AFTER TWO years of the Covid-19 lockdowns forcing Holy Week activities to be observed unconventionally, devotees are excited to celebrate traditionally this year.

Corazon Bayaton, a devout Catholic from UST Senior High School faculty, said she and her family were looking forward to celebrating this year’s Holy Week as they always had before Covid-19.

“I feel happy and excited that this year, we will be able to commemorate the Holy Week because some restrictions were lifted and that we can again observe the Holy Week traditions,” Bayaton told the Varsitarian.

Restrictions on Holy Week observance the past two years included a prohibition on religious activities in some community quarantine classifications, which forced changes on how traditions were observed.

During the early days of the pandemic in 2020, the Vatican decreed that Easter could not be canceled or postponed because it was “the heart of the entire liturgical year and not simply one feast among others.”

Adhering to the Vatican’s directive, the Catholic Bishops’ Conference of the Philippines (CBCP) instructed dioceses to livestream Holy Week rites, emphasizing Domus Ecclesiae or the “Church of the family.”

Priests went around the streets of their parishes on Palm Sunday to bless palm fronds of the faithful in front of their homes. No Holy Water was used during the blessing, as a precaution.

Chrism Mass was held on Maundy Thursday but only the clergy were allowed inside cathedral churches, observing physical distance, hygiene, and sanitation.

For the rite of the “Washing of the Feet,” the CBCP had suggested that it be omitted, or the number of people whose feet would be washed be reduced.

The Visita Iglesia was replaced by the procession of the Blessed Sacrament while the faithful waited at their houses with lighted candles.

Catholics were instructed to follow reflections on the Passion of the Lord on television or the internet before the Veneration of the Cross on Good Friday.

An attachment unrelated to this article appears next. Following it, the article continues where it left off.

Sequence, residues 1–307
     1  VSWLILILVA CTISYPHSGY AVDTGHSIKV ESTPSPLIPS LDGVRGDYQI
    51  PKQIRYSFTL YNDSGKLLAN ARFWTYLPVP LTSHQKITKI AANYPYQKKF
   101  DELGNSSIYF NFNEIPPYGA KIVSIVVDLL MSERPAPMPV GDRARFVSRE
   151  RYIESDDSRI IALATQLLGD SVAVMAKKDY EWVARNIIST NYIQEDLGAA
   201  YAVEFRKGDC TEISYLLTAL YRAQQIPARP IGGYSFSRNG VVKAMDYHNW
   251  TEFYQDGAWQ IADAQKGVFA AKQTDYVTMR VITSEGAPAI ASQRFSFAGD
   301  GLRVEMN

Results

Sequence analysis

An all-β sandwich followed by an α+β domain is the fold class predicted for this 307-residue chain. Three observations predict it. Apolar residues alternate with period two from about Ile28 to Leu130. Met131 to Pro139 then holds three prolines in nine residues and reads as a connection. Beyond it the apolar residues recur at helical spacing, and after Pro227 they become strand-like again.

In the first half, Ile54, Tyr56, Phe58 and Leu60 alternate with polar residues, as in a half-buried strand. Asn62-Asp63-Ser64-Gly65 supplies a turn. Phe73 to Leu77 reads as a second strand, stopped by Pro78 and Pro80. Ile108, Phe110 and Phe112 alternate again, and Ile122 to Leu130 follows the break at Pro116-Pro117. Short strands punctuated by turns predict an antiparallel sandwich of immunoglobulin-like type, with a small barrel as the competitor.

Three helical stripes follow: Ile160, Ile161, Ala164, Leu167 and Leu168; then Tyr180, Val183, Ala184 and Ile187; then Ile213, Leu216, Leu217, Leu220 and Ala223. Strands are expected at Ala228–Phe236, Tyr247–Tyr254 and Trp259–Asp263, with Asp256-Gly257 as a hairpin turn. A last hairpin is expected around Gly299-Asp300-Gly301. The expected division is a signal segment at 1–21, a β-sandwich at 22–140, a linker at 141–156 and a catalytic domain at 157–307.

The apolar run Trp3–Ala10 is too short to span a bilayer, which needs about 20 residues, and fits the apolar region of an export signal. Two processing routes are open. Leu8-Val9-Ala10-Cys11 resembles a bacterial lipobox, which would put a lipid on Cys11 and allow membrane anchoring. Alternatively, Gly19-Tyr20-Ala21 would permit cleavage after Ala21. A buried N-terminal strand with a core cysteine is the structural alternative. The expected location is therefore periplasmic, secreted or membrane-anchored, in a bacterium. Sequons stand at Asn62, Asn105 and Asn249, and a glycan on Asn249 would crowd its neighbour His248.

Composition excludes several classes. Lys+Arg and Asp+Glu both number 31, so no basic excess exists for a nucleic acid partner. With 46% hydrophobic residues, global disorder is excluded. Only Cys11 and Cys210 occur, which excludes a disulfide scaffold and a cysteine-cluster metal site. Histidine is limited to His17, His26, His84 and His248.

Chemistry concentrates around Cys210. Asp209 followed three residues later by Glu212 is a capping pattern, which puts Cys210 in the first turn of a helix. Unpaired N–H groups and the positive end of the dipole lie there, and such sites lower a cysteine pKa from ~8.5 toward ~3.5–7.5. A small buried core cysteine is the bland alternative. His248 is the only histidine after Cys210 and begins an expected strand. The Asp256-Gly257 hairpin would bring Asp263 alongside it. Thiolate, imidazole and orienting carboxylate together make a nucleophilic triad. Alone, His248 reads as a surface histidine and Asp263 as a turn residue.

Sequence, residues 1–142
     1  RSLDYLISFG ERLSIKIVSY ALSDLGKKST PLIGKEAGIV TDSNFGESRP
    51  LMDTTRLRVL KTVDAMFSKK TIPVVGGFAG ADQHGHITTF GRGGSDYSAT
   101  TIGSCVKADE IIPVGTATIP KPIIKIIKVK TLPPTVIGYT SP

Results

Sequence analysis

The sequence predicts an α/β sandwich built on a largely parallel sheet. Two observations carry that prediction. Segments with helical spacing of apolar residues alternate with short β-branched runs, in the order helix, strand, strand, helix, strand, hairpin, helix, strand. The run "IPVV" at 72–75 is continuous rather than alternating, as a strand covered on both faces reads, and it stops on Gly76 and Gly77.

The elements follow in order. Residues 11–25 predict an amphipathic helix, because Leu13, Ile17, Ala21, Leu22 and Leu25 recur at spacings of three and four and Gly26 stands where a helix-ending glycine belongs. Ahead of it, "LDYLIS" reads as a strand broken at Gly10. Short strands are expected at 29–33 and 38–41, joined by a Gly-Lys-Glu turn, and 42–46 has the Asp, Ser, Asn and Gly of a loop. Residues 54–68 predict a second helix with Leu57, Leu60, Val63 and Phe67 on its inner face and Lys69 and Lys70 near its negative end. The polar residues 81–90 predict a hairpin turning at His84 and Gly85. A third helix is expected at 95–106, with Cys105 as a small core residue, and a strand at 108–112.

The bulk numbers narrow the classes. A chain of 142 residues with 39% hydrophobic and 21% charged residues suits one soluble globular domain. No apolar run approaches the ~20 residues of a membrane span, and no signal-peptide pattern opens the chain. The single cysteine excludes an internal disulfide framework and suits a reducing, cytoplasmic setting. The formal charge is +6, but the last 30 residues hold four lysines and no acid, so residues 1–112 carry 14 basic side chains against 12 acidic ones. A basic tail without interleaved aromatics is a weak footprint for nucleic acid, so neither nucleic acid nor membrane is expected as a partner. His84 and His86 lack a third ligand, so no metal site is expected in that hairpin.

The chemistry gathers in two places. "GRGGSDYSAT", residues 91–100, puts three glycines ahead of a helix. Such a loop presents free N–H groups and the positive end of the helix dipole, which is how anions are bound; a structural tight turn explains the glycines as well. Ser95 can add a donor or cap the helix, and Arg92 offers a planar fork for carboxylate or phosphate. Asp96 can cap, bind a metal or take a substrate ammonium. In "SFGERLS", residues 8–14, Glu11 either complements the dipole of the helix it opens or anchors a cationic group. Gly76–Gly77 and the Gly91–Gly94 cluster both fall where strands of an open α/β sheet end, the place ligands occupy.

Easter Vigil had a reduced number of readings as allowed by the Roman Missal. The Blessed Sacrament was carried by the presider around the parish, instead of the traditional long procession of the Santo Entierro or the image of the interred Christ.

The faithful were urged to bring a statue of the Blessed Mother at their doors or windows during the Salubong rites at dawn on Easter Sunday.

Bayaton said she and her family would prepare spiritually to have a better Holy Week experience this year.

“Aside from these traditions, what is important is that we also prepare ourselves intrinsically for these Holy Week activities to be more meaningful,” she said.

Fr. Joseph Franz Dizon, parochial vicar of Our Lady of the Holy Rosary Parish in the Diocese of Malolos, said the resilience and faith of Filipino Catholics had been evident amid the Covid-19 pandemic.

“Faith and resiliency always go together,” Dizon said. “Filipinos do not give up on their faith because of their resiliency. Filipinos do not give up on their faith because of their resiliency. They hold on to their faith in times of crisis and calamities lalo na itong Covid-19 pandemic.”

The priest also reminded Catholics to observe health protocols such as wearing facemasks and maintaining social distancing when attending the activities.

On Feb. 22, the Catholic Bishops’ Conference of the Philippines released guidelines for Lent and Holy Week 2022.

In the guidelines, Baguio Bishop Victor Benedico, CBCP Chairman of Episcopal Commission on Liturgy, said Church leaders should coordinate with local officials on religious processions and ensure that social distancing would be observed.

Virtual broadcasts of activities are also encouraged for Catholics who could not attend physically.

Popular devotions like the “Pabasa” may be organized considering compliance with health protocols.

Holy Week will be commemorated from April 10 to April 16. Allyssa Mae C. Cruz
with reports from Ma. Alena O. Castillo


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